YOU GO, I GO – partner workout

YOU GO, I GO – partner workout

In a recent post I talked about how you can incorporate your kids in your exercise schedule so not only you can keep your workouts consistent, but how you set a great example to them about keeping healthy and well.  If you missed it click here

Exercising with your partner can also be another way that allows you to be consistent with exercise.  You are not only spending time together but also keeping each other motivated and therefore feel less isolated in your fitness journey.

After all, its about keeping you both feeling fit and healthy to continue your travels TOGETHER for as long as you can.

So, in that spirit, I have developed a workout called: YOU GO, I GO!

One partner (P1) will complete their 10 reps while the other partner (P2) will hold the move. Then swap! (ie P1 will hold as P2 does their reps).

After you each hold and do the reps, move to the next pairing in the circuit.

Complete 3-5 rounds through the circuit, performing reps and holds on each move! For the unilateral (one sided) moves, hold and do reps on one side before switching.

Beginners, feel free to lower the reps to 5 as needed or use the many modifications I have shown you on FIT4theRoad

CIRCUIT:

  • P1 – 10 reps/side Lunges – P2 – Glute Bridge hold
  • P1- 10 reps Push Ups – P2 -High Plank Hold
  • P1-10 reps Squat Jumps – P2- Squat Hold
  • P1- 10 reps/side Lying Leg Raises – P2- Side Plank Hold
  • P1-10 reps/side Mountain climbers – P2-Plank
  • P1- 10 reps squats – P2- Wall sit (against the van)

Want some guidance in a structured workout/exercise plan customised to suit your fitness level, goals and abilities? Why not consider my Online Personal Coaching.

Have niggling injuries or aches and pains that I can help you overcome to ensure you are Fit4theRoad and can continue your travels, get in contact with me to tailor a program of strengthening and rehabilitation exercise to have you back on track.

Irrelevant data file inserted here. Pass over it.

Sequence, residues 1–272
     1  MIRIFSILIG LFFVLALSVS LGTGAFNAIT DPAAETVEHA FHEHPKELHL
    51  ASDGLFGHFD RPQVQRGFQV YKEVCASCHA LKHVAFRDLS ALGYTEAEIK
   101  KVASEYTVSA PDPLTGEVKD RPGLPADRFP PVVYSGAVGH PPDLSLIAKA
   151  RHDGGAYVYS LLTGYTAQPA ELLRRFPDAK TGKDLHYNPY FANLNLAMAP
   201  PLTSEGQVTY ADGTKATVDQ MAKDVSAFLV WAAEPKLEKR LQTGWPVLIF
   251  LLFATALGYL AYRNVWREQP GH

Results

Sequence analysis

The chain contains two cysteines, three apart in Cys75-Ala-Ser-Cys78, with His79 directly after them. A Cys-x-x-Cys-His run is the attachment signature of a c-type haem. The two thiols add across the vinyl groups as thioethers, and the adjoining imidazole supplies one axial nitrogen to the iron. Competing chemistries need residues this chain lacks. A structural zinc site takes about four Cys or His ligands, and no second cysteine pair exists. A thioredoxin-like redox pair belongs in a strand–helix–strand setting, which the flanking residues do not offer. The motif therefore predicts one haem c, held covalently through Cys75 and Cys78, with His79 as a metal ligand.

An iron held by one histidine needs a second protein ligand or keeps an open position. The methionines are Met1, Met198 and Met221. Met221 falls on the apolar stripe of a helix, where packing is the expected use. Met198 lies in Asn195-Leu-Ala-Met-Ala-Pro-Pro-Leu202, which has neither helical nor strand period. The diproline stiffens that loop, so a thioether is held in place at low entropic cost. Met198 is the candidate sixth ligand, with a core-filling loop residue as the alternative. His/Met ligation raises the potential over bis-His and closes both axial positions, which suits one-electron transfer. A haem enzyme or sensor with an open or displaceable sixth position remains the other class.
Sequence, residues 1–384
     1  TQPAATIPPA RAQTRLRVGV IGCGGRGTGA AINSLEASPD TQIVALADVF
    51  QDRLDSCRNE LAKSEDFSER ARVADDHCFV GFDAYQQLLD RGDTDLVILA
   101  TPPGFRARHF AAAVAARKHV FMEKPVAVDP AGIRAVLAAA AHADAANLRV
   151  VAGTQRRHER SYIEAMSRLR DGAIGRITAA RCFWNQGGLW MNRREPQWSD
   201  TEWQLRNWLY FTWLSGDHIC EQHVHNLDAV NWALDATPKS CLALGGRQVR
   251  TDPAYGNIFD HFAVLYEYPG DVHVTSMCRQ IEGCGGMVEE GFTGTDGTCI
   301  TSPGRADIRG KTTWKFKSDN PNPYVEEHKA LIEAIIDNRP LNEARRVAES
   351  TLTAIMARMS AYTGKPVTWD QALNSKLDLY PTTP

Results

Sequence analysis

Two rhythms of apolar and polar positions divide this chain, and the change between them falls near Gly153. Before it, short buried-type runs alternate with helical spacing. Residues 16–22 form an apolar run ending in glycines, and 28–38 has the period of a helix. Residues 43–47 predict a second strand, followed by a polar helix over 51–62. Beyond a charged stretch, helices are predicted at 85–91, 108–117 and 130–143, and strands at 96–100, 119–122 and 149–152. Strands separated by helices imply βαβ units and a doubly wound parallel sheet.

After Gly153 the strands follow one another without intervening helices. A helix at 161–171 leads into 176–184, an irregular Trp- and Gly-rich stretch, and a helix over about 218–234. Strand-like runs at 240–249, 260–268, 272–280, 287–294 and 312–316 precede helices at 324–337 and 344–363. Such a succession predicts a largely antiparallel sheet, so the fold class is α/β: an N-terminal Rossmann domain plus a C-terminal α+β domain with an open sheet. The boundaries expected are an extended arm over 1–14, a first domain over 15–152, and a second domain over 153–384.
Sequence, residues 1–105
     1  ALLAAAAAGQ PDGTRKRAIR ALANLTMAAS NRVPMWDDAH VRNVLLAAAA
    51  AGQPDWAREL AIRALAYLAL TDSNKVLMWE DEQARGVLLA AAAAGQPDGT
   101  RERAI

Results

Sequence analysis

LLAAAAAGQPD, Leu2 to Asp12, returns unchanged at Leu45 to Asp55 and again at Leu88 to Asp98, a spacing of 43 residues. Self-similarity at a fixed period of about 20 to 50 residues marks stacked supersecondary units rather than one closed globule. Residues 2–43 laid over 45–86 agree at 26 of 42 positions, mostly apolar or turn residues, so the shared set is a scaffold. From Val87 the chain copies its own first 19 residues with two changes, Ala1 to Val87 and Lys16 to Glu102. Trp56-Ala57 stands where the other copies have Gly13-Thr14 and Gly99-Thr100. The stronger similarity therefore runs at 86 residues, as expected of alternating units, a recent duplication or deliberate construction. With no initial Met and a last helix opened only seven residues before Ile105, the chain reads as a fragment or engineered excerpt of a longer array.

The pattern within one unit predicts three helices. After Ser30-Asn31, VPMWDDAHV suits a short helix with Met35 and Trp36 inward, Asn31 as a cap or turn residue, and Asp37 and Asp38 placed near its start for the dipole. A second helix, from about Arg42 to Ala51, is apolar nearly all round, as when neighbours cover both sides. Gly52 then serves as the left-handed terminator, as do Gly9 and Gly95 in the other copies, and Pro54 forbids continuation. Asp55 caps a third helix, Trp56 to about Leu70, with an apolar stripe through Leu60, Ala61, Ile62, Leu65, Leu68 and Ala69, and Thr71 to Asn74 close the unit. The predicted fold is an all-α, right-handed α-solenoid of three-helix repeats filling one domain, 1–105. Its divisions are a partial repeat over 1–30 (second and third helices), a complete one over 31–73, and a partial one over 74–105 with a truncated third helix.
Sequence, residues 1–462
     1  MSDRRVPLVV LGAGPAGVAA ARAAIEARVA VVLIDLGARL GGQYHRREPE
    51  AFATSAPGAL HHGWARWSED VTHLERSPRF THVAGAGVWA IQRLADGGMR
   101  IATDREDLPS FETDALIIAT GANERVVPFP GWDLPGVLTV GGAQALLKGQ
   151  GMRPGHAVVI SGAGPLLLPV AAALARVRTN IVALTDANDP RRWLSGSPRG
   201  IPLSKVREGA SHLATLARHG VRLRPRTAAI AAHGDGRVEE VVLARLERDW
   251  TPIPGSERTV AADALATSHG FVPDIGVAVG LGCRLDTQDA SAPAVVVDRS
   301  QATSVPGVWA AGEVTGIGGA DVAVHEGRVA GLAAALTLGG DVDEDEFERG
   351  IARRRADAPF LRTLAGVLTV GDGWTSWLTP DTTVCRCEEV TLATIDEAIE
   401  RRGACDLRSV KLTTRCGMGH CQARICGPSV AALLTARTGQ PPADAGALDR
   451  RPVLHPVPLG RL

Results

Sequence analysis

– Kerri

Stretch your way around Australia

Stretch your way around Australia

Being fit and healthy means a lot of things to a lot of people. There are many components to being fit and healthy, building and maintaining muscle and aerobic fitness are just some. You need to think about flexibility, too. Stretching can help.

You may think of stretching as something performed only by runners or gymnasts. But we all need to stretch in order to protect our mobility and independence. Stretching has to happen on a regular basis, preferably daily.

 

Why stretching is important

Stretching keeps the muscles flexible, strong, and healthy, and we need that flexibility to maintain a range of motion in the joints. Without it, the muscles shorten and become tight. Then, when you call on the muscles for activity, they are weak and unable to extend all the way. That puts you at risk for joint pain, strains, and muscle damage.

For example, sitting in the car traveling for extended periods may results in tight hamstrings in the back of the thigh. That can make it harder to extend your leg or straighten your knee all the way, which inhibits walking and why you might get out of the car when you reach your next camp a bit stiff!

Likewise, when tight muscles are suddenly called on for a strenuous activity that stretches them, such as running around with the kids, they may become damaged from suddenly being stretched. Injured muscles may not be strong enough to support the joints, which can lead to joint injury.

Regular stretching keeps muscles long, lean, and flexible, and this means that exertion won’t put too much force on the muscle itself. Healthy muscles also help a person with balance problems to avoid falls.

Where to start